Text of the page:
“10,000 B.C.” – Susan Granger reviews

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Evoking memories of “One Million Years B.C.,” “Quest for Fire,” “Clan of the Cave Bear,” “Apocalypto” and the grand spectacles staged by early sci-fi maven Ray Harryhausen, this is an action adventure set in a prehistoric world.

The story begins on a vast frozen tundra where the Yagahl tribe of dreadlock’d hunters pursues woolly mammoths. Their spiritual leader, Old Mother (Mona Hammond) predicts an ominous future, heralded by the arrival of a blue-eyed orphan girl, Evolet (Camilla Belle), and her subsequent capture – during a devastating raid of their tiny village – by ‘four-legged demons’ (slave traders on horseback).

Determined to rescue Evolet and the others who have been taken captive, a hunky, love-smitten, outcast hunter, D’Leh (Steven Strait), takes off in pursuit, accompanied by his aging mentor, Tic Tic (Cliff Curtis), and a young boy, Baku (Nathaniel Baring). They trek over snowy mountains, sneak through a verdant valley filled with gigantic, clucking ostrich-like creatures, make friends with a saber tooth tiger and slog over sand dunes in a vast desert. Along the way, they encounter other bizarrely-costumed tribes that have been devastated by abductions by the slavers and, eventually, assemble a nomadic army. Under D’Leh’s leadership, they follow the North Star and eventually discover a barbaric, pyramid-building civilization, where a climactic battle takes place.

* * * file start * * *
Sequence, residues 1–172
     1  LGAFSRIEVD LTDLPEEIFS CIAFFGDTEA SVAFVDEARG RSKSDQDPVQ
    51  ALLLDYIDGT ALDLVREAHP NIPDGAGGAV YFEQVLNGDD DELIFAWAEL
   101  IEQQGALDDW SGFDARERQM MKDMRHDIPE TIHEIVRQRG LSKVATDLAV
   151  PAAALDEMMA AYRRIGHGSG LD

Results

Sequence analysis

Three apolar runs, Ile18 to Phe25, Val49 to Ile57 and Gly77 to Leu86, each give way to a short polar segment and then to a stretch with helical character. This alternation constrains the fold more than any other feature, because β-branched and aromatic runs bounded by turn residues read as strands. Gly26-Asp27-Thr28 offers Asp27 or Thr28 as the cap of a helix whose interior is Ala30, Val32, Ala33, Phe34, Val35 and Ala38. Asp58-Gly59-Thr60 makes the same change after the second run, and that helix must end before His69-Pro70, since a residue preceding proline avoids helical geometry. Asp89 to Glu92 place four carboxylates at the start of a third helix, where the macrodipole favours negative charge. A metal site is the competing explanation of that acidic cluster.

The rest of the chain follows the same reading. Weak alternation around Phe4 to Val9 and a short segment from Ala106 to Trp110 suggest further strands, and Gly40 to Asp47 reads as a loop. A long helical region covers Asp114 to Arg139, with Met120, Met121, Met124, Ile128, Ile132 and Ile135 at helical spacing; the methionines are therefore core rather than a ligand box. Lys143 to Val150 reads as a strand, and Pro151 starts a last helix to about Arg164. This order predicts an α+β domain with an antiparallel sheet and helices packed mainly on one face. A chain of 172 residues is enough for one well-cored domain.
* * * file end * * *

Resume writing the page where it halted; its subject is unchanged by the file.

Satisfied with a banal plot, touching only vaguely on paleoanthropology, minimalist dialogue, delivered in stilted English, and rudimentary characterizations, writer/director Roland Emmerich (“Independence Day,” “Godzilla,” “The Day After Tomorrow”) and co-writer/composer Harald Kloser rely on state-of-the-art computer technology and multiracial casting – and, unfortunately, Camilla Belle is no Raquel Welch.

On the Granger Movie Gauge of 1 to 10, “10,000 B.C.” is a formulaic 5. It’s a guilty pleasure for those who enjoy watching stampeding herds of mastodons.

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Susan Granger

Susan Granger

Susan Granger is a product of Hollywood. Her natural father, S. Sylvan Simon, was a director and producer at R.K.O., M.G.M. and Columbia Pictures; her adoptive father, Armand Deutsch, produced movies at M.G.M. As a child, Susan appeared in movies with Abbott & Costello, Red Skelton, Lucille Ball, Margaret O'Brien and Lassie. She attended Mills College in California, studying journalism with Pierre Salinger, and graduated from the University of Pennsylvania, Phi Beta Kappa, with highest honors in journalism. During her adult life, Susan has been on radio and television as an anchorwoman and movie/drama critic. Her newspaper reviews have been syndicated around the world, and she has appeared on American Movie Classics cable television. In addition, her celebrity interviews and articles have been published in REDBOOK, PLAYBOY, FAMILY CIRCLE, COSMOPOLITAN, WORKING WOMAN and THE NEW YORK TIMES, as well as in PARIS MATCH, ELLE, HELLO, CARIBBEAN WORLD, ISLAND LIFE, MACO DESTINATIONS, NEWS LIMITED NEWSPAPERS (Australia), UK DAILY MAIL, UK SUNDAY MIRROR, DS (France), LA REPUBBLICA (Italy), BUNTE (Germany), VIP TRAVELLER (Krisworld) and many other international publications through SSG Syndicate. Susan also lectures on the "Magic and Mythology of Hollywood" and "Don't Take It Personally: Conquering Criticism and other Survival Skills," originally published on tape by Dove Audio.